The North Atlantic refinery in Come By Chance is the latest major industrial site in Newfoundland and Labrador to ramp down production in the name of safety.
The decision was made Sunday to stop refining new products and instead shift the refinery into maintenance mode.
“While we have no cases of COVID-19 at the refinery, our actions are consistent with the advice of public health officials to further prevent the spread of the COVID-19 virus,” wrote chief operations officer Jette Enevoldsen in a statement.
“We have a lot of people that are nervous,” added Glenn Nolan, president of United Steelworkers Local 9316, the union that represents some 340 workers at the refinery. Nolan said the total workforce, including contractors and managers, is closer to 500.
He said the union supports the decision to idle the refinery, and said the closure could last anywhere from two to five months.
“I feel it’s unfortunate, but I agree with the company on the safety of the workers. Economics are not good either,” said Nolan.
North Atlantic will keep a reduced workforce at the site to maintain equipment, including storage tanks holding a large reserve of oil and gas.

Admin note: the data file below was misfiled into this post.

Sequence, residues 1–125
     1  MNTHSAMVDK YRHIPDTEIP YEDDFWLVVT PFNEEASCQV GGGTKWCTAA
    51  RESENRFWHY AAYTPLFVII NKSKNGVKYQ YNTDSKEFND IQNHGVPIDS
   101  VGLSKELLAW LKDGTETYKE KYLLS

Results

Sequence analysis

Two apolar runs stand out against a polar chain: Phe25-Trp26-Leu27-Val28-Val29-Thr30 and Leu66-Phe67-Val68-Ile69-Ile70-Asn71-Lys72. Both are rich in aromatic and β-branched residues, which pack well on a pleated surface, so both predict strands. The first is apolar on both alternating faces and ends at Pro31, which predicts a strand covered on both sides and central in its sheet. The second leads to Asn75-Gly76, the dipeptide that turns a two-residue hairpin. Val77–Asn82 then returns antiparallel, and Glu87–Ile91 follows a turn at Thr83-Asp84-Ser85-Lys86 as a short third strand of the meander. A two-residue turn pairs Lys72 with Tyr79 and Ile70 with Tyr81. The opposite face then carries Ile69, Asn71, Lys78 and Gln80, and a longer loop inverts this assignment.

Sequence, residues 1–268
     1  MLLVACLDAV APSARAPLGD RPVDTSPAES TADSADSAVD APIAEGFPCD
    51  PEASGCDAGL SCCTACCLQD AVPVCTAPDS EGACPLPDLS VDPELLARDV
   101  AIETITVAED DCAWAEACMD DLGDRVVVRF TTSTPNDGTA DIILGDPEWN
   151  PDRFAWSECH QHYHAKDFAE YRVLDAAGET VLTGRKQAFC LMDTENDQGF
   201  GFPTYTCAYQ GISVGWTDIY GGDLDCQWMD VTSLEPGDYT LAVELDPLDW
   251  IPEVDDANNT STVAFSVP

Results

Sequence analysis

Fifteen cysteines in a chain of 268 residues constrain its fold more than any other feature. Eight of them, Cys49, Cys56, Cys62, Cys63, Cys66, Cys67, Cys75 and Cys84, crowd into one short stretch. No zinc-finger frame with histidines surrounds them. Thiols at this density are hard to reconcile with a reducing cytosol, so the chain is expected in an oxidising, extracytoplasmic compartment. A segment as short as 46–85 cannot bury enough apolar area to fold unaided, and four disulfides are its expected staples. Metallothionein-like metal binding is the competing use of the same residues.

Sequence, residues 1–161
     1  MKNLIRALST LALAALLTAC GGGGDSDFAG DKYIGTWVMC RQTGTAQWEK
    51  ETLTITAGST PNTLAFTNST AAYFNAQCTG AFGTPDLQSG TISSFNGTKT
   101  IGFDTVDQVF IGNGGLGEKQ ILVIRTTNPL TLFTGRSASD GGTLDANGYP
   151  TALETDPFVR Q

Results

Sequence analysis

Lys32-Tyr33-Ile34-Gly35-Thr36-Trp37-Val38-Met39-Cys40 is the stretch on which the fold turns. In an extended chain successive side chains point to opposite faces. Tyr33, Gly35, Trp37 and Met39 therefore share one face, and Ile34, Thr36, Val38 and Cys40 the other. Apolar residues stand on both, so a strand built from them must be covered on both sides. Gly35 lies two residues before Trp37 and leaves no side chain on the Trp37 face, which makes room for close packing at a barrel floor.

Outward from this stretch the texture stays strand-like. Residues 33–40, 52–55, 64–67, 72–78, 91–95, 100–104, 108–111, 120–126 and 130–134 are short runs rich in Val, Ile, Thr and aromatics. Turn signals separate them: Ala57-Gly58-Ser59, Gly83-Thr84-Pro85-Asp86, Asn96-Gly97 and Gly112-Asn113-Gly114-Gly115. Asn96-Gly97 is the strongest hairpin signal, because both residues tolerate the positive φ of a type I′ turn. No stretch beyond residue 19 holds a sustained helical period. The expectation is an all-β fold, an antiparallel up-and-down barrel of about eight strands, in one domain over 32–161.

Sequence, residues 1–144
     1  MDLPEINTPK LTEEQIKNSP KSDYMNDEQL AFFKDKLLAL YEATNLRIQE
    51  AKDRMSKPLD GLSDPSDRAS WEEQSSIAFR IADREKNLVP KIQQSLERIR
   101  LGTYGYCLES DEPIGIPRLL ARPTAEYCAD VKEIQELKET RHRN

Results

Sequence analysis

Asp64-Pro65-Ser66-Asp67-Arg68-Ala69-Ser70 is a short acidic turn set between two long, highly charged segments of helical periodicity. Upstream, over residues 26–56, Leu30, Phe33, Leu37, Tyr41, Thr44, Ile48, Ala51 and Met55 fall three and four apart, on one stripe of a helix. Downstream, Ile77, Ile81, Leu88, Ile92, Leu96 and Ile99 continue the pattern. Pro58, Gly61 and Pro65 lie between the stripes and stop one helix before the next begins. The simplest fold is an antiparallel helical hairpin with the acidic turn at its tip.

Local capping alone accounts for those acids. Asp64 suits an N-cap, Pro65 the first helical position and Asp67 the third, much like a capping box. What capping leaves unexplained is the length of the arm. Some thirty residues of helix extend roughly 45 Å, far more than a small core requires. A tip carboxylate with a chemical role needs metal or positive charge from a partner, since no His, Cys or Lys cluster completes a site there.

Enevoldsen said the supply of products to North Atlantic’s Orange Stores in the province will not stop.
As for how long the shutdown will last, Enevoldsen said it will continue until it is “safe and economically feasible” to restart.
The refinery produces between 115,000 to 130,000 barrels of oil per day and exports about 90 per cent to foreign countries. The refinery specializes in gasoline, jet fuel, home heating fuel, diesel, and bunker fuel.
The price of oil has taken a steep dive in recent weeks, with Brent crude now trading at about $26.22 a barrel.
Gasoline prices in Newfoundland and Labrador have also gone off a cliff, reaching the lowest point since 2008.
Hundreds of workers were also sent home from both the Muskrat Falls and Voisey’s Bay sites in Labrador in mid-March to help prevent the spread of COVID-19.
Husky Energy has also suspended major construction on the West White Rose project, affecting hundreds more workers.